How a More Strategic Eye on Retirement Plan Design Can Alleviate Readiness Issues

As a growing number of America’s aging workers delay retirement, employers should consider applying a multiyear strategy alongside their 401(k) plan to find ways to improve their employee’s ability to retire on their own terms and minimize the higher costs associated with those who are forced to keep working.

Our retirement readiness is a shared concern. More than half of Americans who are now in their 60s are putting retirement off—56%, in fact—a notable rise from the 46% who delayed it 1996.[1] While this group is somewhat more confident about being able to finance their retirement than five years ago, one study[2] shows, they can’t shake the fear of running out of money when the markets are volatile and medical costs continue to climb.

This, in turn, creates concerns for their employers. Costs are one issue, of course—e.g., the wage differential between older and younger workers, and the generally higher health care costs that older employees incur. But employers aren’t confident that their workers’ retirement savings will last as long as it should.

Taking a more strategic approach to retirement plan design, with an eye on improving participation and getting your employees to save more can make a big difference. Many organizations neglect the long view once they have the basics of their retirement plan taken care of—e.g., choosing appropriate funds, making sure they’re competitive from a fee standpoint, and forming and Investment Committee that regularly reviews plan performance.

But a retirement plan isn’t a one-and-done kind of thing. At various stages of the plan’s evolution, there are various features and activities that employers and their plan advisers should consider evaluating and phasing in over time. They will go a long way toward meeting everyone’s needs in preparing for retirement.

They include:

  • Automatic Enrollment and Automatic Escalation. These 401k plan design features are quickly becoming the norm. Implementing automation has proven to significantly improve retirement outcomes for those employees who may need a nudge in the right direction. Auto-enrolling new hires and slowly increasing their deferral rates on an annual basis (auto-escalation) may seem a little paternalistic, but the pros of this strategy significantly outweigh the cons. Employees are set in motion early towards meeting their personal retirement goals, and employers avoid having a costly and aging population that would retire if it was a viable option.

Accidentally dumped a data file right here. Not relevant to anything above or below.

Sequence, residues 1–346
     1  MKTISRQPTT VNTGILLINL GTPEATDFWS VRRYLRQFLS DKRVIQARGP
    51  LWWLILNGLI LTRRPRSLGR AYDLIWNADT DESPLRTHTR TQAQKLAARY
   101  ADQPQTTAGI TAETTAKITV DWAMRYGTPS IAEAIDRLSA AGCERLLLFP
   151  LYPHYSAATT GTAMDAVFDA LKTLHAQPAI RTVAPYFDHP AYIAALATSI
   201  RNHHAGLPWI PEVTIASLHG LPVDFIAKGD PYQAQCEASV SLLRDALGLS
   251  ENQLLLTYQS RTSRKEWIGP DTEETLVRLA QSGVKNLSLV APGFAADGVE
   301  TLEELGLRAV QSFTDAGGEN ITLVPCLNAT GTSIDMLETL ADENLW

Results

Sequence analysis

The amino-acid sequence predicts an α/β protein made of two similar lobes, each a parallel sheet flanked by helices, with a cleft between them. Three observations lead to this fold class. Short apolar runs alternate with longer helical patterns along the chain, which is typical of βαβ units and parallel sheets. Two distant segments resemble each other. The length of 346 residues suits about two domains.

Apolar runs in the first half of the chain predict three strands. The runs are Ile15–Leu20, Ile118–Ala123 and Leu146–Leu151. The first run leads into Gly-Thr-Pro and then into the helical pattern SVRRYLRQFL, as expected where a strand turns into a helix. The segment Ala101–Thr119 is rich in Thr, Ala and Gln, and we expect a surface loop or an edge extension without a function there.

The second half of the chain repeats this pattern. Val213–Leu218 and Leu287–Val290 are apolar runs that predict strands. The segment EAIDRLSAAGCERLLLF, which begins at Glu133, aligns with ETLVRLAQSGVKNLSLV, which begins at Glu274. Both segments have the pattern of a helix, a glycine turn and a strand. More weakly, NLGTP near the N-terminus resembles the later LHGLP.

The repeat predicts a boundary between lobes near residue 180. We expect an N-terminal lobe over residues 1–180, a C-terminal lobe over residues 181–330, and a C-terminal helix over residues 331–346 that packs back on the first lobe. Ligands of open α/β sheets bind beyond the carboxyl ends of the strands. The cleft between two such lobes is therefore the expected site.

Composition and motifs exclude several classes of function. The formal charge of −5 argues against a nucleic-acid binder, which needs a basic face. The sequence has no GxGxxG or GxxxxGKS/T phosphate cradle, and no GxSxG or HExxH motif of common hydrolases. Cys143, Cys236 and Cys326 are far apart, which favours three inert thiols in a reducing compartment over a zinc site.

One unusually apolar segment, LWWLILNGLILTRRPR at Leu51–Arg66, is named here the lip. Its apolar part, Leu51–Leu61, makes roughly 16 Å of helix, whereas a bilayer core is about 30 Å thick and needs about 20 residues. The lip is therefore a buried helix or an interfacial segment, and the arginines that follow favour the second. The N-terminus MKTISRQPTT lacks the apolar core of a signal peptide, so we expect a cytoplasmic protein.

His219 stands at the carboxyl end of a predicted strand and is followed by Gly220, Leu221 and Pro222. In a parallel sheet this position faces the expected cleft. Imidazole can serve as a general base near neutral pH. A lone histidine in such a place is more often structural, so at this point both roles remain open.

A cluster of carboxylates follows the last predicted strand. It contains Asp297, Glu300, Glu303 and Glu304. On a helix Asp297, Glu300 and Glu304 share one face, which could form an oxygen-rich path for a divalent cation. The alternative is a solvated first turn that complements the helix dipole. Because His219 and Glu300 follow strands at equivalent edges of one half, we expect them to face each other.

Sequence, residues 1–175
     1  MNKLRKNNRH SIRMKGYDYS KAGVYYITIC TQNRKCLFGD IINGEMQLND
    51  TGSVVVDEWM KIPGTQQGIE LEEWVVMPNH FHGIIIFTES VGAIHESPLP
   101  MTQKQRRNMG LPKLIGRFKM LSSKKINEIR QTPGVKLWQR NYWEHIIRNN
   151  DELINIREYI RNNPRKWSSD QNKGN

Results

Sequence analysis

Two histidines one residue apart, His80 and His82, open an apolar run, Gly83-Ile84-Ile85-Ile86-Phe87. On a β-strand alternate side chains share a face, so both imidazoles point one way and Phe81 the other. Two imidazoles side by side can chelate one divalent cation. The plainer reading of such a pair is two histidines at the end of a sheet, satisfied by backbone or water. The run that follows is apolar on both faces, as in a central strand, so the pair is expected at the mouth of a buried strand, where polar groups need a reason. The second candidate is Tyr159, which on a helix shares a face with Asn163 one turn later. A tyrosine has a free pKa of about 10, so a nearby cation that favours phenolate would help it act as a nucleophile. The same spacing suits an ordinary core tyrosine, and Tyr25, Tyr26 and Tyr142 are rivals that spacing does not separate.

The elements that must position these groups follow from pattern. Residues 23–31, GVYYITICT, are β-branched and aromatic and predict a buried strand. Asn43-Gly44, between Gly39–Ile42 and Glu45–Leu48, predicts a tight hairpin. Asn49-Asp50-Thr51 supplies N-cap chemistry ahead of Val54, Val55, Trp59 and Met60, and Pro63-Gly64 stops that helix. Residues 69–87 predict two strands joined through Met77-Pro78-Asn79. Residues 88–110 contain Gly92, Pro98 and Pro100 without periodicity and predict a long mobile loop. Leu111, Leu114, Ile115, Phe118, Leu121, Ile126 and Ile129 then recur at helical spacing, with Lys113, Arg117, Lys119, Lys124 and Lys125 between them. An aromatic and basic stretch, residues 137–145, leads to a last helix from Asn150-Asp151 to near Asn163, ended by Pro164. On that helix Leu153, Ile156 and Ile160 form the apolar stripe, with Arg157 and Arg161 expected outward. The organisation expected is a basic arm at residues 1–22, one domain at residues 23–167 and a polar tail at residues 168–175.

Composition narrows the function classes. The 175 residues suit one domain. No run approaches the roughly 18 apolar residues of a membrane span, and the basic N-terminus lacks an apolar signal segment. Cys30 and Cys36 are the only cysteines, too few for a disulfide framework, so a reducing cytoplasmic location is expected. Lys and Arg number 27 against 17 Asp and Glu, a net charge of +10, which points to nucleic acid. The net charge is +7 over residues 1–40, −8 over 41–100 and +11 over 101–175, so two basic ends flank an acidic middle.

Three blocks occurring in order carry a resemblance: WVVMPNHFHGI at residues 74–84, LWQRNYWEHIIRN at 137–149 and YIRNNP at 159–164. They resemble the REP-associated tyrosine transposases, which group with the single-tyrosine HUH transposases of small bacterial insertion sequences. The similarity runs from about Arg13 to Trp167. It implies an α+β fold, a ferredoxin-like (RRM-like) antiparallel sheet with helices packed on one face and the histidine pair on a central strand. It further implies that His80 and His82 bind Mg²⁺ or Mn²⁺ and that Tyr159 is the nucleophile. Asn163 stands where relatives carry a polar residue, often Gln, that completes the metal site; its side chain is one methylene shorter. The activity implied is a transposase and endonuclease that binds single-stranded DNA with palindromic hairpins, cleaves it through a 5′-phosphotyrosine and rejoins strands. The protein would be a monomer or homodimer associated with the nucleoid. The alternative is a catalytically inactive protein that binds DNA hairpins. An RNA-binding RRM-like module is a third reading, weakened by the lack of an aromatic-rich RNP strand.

• Tech tools and the enhanced employee experience. It’s critical from the outset to give employees access to high-quality tech tools for managing and monitoring their investments. That means fast, easy online access to check on the status of investments and the latest apps for financial planning. Technology is now one of the most important considerations in selecting a retirement plan partner, given its appeal to a younger workforce who prefer a digital experience.
  • Education. Equally important is educating employees on how to get the most out of their DC plan—and the message must be consistent and ongoing over time. If your people are not engaging with the educational programs you offer, you need to find out why. You’ll get the best participation when you understand and respond to your workers’ preferences on topics, timing and format—tailoring your education programs to meet their particular needs.
  • Plan structure considerations. Look to gain strategic value from your fiduciary partners by requesting guidance. This could be, for instance, asking how to tweak plan design for better results, be it to improve participation or fix issues. One thing to think about is your contribution matching strategy. Matching formulas vary, and some employers put a cap on their match, which can affect participation. That makes match forecasting worth considering as a way to budget what is often the largest expense associated with your plan, but also can spur participation. A match typically isn’t worth doing if it isn’t incentivizing employees to save and to help propel the plan’s growth. Plan committees should also continually look to implement automated features, perhaps add a Roth component, or provide executive benefits such as a deferred compensation plans for certain key employees.

When the retirement plan has been set up and managed strategically over time, everyone’s interests will be served and retirement readiness will be more than just another benefits buzz-term. It will be a reasonable—and achievable—aspiration of your employees.


Jason Smith is vice president of retirement plans at Hub International Investment Services Inc.

This feature is to provide general information only, does not constitute legal or tax advice and cannot be used or substituted for legal or tax advice. Any opinions of the author do not necessarily reflect the stance of Institutional Shareholder Services (ISS) Inc. or its affiliates.